This is a scary time for a lot of people.
Not knowing if we’ve been exposed to this virus yet, could we be inadvertently spreading it to our loved ones who are at greater risk?
With businesses closing, will we be able to afford to pay our bills? Is the government response appropriate, or are we having rights taken away unnecessarily? Is my child going to lose ground academically with schools being closed so long? Is there anything I can do to avoid getting sick? These are the thoughts that are keeping a lot of us up at night.
Fear during an unprecedented situation like this is inevitable. BUT- we don’t have to let the fear take over. We don’t have to let it disrupt our sleep or allow it to make decisions for us. We were not created to live in fear. In fact, the Bible says “There is no fear in love, for perfect love casteth out fear. Because fear hath torment. If any man feareth, he is not made perfect in love.” 1 John 4:18. In other words, if you are living in fear, you are not living the life you were meant to live.
Of course, we should be smart. 80% of people who get COVID-19 may not have any symptoms. So you could conceivably have it right now. Don’t visit sick or elderly people. Wash your hands often. Disinfect common touch-points (door knobs, TV remotes, countertops, light switches, bathroom fixtures, etc.)
But being smart doesn’t have to equal being scared. Here are a few steps you can take to reduce your fears around this global situation:
1. Ask yourself “is what I am thinking true?”
“Is it REALLY true?” “What would be a better story for me to tell myself?”
I used to be terrified to fly in an airplane. I would have a panic attack, afraid that the plane would crash. I actually had to take medication to fly for many years. Until a therapist taught me to look at the facts. Of all the flights that are taking off around the globe every day, how many crash? WE only hear about it in the news because it’s such a rare occurrence. I would be far more likely to get hit by a car or die from cancer than I would be to die in a plane crash. So, was panic appropriate? No.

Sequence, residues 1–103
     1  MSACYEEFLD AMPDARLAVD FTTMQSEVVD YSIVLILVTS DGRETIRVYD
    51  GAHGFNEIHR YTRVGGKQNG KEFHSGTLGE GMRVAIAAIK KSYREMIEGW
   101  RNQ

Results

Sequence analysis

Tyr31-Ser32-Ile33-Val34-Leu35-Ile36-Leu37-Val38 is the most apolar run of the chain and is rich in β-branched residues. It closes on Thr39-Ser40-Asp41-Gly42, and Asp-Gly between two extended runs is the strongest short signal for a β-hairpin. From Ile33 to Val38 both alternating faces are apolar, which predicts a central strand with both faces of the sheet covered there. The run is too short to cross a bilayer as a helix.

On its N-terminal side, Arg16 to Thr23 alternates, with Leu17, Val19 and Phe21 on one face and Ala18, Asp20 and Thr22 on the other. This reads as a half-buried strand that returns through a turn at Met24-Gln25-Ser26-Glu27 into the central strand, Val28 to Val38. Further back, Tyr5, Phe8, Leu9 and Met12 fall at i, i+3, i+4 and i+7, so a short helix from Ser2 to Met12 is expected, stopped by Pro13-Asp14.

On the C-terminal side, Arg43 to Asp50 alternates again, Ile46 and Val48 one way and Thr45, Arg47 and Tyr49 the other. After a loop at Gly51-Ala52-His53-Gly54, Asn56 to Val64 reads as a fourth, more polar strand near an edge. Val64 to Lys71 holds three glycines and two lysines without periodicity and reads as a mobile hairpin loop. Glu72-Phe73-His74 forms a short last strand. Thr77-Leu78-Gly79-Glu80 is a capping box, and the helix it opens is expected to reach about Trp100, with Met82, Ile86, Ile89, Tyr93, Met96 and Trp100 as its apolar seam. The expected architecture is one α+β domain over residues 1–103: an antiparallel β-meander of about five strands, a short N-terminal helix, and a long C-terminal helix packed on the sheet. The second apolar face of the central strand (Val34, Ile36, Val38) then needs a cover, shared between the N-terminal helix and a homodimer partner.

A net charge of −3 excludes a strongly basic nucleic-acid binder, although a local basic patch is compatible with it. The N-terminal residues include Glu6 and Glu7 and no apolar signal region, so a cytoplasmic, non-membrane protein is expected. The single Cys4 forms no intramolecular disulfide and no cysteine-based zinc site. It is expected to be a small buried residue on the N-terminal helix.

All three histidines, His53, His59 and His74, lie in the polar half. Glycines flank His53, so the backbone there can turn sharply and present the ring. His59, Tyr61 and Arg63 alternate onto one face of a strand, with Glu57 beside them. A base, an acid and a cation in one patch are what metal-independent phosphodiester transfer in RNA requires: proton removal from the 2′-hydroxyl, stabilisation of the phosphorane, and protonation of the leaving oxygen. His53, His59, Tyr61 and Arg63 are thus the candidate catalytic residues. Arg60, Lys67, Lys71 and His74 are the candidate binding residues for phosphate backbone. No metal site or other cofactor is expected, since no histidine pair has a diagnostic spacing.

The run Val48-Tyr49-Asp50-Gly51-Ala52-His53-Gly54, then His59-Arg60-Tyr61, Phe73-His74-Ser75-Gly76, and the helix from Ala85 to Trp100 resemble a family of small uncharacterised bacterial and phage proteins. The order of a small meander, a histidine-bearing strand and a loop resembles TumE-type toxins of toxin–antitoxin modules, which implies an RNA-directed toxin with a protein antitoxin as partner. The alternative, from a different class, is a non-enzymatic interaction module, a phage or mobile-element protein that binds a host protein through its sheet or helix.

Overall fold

So, if you think “I’m afraid someone in my house will get this virus and die.” Look at the facts: if you are over 60, you are far more likely to die of a heart attack or cancer than you are from this virus. If you are under 60 and have no underlying conditions, your chance of dying from this disease is less than .4% For your children, it’s less than .2%. You are far more likely to die of a heart attack, or in a car accident, or even from a medical mistake. So is your fear justified?
What would be a better story to tell yourself? How about “There is a real possibility that I may contract COVID-19. But, I know that I am strong and healthy, and my body will be able to fight it like any other virus.”
Now, from THAT perspective, what steps would make sense to help ensure that my body stays strong even if I get sick? Well, I could make sure I’m taking Vitamin D daily. I can drink plenty of water. I can eat more veggies & less processed foods. I can avoid added sugar for now. I can take steps to make sure I’m getting enough sleep.
Having a strategy that makes sense for the actual threat instead of jumping to unlikely worst-case scenarios will do a lot to help you reduce fear & stress.
2. Use relaxation techniques.
Meditation is very helpful at calming your mind so that you feel less fearful. There are many apps that offer guided meditations. I like Breethe. You could also try yoga or deep breathing exercises. (Need a yoga program for at home? Check this out:
3. Try journaling.
Writing down your feelings can help you process them, and it gets them out of your head, so they aren’t swirling around in there, keeping you up at night.
4. Tell yourself you are fearless & relaxed.
Seriously. I know it sounds weird, but our brains are wired to believe whatever we tell them. So, if you tell yourself you are fearless, you will be. If you tell yourself you are relaxed, your brain will say”OK. We’re relaxed” and behave that way. I used to be a night owl, and I was soooo NOT a “morning person”. Until I started to tell myself a new story. Before bed each night, I would say to myself “I am going to get a great night’s sleep! I am going to wake up in the morning feeling refreshed and ready for the day! I don’t even need an alarm!” And guess what? Within a few days, I became a morning person! I still set an alarm, bu tI almost always wake up before it goes off. I haven’t used a snooze button in years. I wake up, get up, and feel energized! What you tell yourself matters!
5. Take a break from Media.
Avoid scrolling on social media or watching the news. Try to completely “unplug” for a few days. Read a book instead, or call a friend and chat!